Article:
Schumer, Russell Feingold and eight other Senate Democrats are sponsoring legislation to give
Washington D.C. residents a voting representative in Congress. Currently they elect a delegate, who may debate but who may not vote in the House of Representatives. That delegate, Eleanor Holmes Norton, has endorsed the
Calling the bill the "No Taxation Without Representation Act of 2005," Lieberman said that the
election in Iraq highlight the universal desire to enjoy full democratic freedoms.
“It is almost incomprehensible that in this day and age that ours is the only democracy in the
world in which citizens of the capital city are not represented in the national legislature,”
Lieberman said in a Jan. 27 news release. “This injustice is felt directly by District residents but it also casts a shadow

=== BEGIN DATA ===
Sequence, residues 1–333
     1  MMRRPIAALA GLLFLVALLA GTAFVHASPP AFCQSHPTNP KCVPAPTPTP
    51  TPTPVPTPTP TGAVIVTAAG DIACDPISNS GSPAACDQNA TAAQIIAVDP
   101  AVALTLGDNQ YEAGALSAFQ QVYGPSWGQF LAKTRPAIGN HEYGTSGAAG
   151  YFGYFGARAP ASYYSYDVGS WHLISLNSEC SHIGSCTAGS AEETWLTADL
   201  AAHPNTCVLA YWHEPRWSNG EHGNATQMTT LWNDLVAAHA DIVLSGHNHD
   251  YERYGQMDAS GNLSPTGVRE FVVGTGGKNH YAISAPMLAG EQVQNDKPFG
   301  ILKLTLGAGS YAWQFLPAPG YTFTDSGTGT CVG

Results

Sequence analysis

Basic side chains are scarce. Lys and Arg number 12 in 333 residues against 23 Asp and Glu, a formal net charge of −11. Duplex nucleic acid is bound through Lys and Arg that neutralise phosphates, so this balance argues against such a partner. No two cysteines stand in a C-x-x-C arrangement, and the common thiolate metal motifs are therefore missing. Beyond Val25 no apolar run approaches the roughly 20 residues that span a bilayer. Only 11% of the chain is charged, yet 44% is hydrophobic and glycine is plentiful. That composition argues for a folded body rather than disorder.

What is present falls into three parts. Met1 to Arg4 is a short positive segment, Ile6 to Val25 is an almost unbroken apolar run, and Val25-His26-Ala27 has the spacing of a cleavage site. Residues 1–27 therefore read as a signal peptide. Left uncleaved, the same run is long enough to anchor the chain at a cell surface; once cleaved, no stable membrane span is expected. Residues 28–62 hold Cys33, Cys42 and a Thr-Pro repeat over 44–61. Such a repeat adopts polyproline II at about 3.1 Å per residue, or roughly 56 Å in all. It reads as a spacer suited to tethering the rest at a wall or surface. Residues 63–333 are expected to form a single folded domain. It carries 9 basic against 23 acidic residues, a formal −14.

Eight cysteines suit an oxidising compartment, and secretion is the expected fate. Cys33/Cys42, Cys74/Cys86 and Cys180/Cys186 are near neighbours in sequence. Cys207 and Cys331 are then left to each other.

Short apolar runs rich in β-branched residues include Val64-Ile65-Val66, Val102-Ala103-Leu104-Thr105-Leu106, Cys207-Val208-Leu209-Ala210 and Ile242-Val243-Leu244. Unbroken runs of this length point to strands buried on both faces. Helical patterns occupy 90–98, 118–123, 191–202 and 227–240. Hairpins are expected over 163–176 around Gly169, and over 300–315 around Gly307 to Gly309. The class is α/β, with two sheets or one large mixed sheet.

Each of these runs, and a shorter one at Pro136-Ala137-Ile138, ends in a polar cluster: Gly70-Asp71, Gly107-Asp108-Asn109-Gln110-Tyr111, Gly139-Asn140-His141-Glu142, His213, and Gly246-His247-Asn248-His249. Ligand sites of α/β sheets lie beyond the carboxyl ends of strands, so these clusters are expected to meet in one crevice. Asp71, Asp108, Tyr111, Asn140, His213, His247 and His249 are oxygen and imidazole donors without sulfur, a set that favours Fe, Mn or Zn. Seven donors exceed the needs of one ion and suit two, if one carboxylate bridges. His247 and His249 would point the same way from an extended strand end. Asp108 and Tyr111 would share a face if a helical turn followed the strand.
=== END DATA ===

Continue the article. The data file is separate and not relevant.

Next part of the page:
over the democratic traditions of the entire nation. The right to vote is a civic entitlement of
every American citizen. It is democracy's most essential right. It is the ultimate guarantor of our
freedom and the enabler of our best hopes for the future.”
The approximately 600,000 citizens of Washington D.C. tend to be Democrats— a possible disincentive for Republican members of Congress.
“We’re right and what we’re doing is quintessentially American,” Lieberman said. Republicans “have
to see the injustice in this. We need to take this above anyone’s political prediction of which
party will win seats in the election… To paraphrase the late anthropologist Margaret Mead, never
underestimate the capacity of a small group of committed people to change the world.”
Besides by Lieberman of Connecticut, Feingold of Wisconsin and Schumer of New York, the legislation is being cosponsored by
Barbara Mikulski and Paul Sarbanes of Maryland, Mark Dayton of Minnesota, Jon Corzine of New Jersey,
Richard Durbin and Barack Obama of Illinois, Chris Dodd of Connecticut and John Kerry of Massachusetts.